126,042,572 – the number of QSL records resulting from nearly three quarters of a billion records entered in the Logbook of the World system from over eighty-thousand users. LoTW is slowly becoming the de facto electronic QSL network. I’m getting one match for every three uploads – that closely matches what I see from paper QSLing. The ARRL has been broadening adoption of the service through operating events like the Centennial QSO Party and National Parks on the Air. Sneaky, but effective!
735,405 – the number of amateur radio licensees in the FCC database as of the end of 2015. That’s ninety-one hundred more than at the close of 2014, indicating more than one percent growth – a trend that’s been up every year since 2007.
1,499 – the number of US dollars you’ll have to exchange for the new ICOM IC-7300 amateur radio transceiver which employs an RF direct sampling system, where RF signals are directly converted to digital data.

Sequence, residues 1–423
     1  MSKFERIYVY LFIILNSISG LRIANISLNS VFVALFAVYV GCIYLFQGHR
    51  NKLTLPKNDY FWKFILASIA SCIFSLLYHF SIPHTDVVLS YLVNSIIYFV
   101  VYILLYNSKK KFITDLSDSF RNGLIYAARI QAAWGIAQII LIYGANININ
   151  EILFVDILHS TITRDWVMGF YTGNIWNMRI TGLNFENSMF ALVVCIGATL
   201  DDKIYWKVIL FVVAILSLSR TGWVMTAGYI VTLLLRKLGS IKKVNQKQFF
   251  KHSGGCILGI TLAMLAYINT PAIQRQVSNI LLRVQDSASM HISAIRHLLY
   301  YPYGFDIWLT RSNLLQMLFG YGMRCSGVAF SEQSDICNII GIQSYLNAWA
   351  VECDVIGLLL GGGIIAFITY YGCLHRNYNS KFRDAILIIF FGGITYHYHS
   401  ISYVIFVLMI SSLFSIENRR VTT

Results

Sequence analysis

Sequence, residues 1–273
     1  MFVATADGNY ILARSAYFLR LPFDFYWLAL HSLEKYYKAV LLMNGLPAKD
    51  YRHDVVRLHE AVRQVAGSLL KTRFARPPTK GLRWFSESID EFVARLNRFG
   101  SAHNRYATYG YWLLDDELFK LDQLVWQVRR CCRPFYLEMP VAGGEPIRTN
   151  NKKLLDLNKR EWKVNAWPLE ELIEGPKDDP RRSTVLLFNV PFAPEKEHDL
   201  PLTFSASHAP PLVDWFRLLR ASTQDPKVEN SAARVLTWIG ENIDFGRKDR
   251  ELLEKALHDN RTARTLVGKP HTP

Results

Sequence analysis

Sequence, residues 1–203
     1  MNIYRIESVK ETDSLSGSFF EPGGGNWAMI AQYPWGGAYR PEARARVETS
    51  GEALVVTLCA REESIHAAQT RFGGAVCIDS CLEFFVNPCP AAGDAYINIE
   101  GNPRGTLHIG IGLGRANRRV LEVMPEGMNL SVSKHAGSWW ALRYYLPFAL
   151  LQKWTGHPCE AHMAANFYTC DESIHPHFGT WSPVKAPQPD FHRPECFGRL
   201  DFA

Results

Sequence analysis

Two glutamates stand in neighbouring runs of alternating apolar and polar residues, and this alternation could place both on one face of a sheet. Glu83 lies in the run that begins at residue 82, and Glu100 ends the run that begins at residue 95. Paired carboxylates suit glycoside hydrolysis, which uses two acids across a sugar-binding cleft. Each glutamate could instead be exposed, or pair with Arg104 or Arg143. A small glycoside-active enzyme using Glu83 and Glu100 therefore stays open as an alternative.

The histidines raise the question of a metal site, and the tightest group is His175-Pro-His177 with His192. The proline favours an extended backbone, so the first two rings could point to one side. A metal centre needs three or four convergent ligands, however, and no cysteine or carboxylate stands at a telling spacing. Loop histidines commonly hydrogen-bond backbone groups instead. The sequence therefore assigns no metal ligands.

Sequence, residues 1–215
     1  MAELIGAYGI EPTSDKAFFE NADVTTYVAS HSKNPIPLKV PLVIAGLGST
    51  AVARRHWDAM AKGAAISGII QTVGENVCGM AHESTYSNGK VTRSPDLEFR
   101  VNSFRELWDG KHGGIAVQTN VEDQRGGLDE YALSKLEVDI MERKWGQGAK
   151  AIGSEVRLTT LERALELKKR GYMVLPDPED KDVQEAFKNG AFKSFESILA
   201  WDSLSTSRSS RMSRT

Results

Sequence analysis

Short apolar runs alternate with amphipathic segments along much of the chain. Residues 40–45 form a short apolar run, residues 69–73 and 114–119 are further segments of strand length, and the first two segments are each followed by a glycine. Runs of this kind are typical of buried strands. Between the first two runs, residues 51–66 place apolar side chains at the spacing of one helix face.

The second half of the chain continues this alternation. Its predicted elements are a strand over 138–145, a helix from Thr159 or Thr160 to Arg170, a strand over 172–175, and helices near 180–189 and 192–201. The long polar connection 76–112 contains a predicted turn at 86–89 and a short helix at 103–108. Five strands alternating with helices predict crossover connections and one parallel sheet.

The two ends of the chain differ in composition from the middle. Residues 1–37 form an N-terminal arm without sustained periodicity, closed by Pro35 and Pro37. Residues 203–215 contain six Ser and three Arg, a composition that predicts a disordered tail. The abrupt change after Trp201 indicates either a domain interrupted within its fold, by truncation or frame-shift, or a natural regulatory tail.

1,000 – the number of ARISS contacts between earth-bound students and orbiting astronauts over the life of the program. To celebrate the 1,000th contact NASA is producing videos like this one touting the importance of amateur radio on the ISS.
7 – the number of blog posts you need to study to learn the best methods for getting in the VK0EK logbook. The Heard Island DXpedition is already underway — the crew is in transit and if all goes according to plan, the operation will be officially QRV from the island in about ten days. Read all seven articles, start with this one and work your way back.